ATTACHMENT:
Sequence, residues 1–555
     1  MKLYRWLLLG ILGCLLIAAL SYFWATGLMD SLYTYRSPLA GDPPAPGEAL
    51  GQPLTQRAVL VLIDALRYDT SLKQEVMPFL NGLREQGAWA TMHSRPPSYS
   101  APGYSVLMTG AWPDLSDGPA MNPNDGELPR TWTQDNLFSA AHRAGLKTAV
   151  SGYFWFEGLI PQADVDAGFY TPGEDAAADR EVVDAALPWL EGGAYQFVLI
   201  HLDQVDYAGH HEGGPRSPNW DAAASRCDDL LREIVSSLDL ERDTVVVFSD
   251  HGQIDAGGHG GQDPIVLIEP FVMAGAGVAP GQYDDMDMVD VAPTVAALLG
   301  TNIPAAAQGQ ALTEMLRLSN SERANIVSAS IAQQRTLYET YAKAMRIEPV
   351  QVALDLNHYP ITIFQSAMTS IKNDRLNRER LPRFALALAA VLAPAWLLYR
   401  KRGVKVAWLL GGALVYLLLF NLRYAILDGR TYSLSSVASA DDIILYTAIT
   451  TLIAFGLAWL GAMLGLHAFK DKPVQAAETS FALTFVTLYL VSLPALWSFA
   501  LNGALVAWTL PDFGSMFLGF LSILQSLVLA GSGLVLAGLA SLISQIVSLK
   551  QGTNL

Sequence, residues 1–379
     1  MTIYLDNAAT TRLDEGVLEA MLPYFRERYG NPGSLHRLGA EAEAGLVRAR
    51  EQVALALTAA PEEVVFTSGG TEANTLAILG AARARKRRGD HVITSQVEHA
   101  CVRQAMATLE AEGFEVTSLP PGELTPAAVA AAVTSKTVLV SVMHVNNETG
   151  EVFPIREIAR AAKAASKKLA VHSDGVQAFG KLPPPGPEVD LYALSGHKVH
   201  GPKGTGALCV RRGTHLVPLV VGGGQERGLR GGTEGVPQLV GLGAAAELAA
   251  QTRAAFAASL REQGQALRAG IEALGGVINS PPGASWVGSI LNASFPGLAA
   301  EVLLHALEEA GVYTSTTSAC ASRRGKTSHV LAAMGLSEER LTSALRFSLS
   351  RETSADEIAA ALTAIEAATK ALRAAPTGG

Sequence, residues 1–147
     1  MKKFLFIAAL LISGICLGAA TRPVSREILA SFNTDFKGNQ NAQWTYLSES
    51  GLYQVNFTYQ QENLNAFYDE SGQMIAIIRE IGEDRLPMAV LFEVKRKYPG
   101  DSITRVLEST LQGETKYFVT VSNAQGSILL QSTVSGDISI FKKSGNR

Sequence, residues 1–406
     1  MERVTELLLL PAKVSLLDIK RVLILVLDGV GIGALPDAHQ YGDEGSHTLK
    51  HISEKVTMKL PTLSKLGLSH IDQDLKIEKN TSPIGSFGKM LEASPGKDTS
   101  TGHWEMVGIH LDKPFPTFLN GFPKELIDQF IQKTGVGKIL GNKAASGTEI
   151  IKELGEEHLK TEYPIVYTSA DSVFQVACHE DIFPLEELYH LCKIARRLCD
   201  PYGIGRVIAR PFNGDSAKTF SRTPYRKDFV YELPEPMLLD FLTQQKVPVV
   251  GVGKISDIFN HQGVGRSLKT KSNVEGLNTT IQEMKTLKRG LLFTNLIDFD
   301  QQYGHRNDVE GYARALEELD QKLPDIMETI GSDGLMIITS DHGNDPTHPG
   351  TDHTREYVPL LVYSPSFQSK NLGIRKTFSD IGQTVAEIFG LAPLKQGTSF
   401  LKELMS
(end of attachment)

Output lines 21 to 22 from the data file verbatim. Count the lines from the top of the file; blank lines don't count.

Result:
   301  EVLLHALEEA GVYTSTTSAC ASRRGKTSHV LAAMGLSEER LTSALRFSLS
   351  RETSADEIAA ALTAIEAATK ALRAAPTGG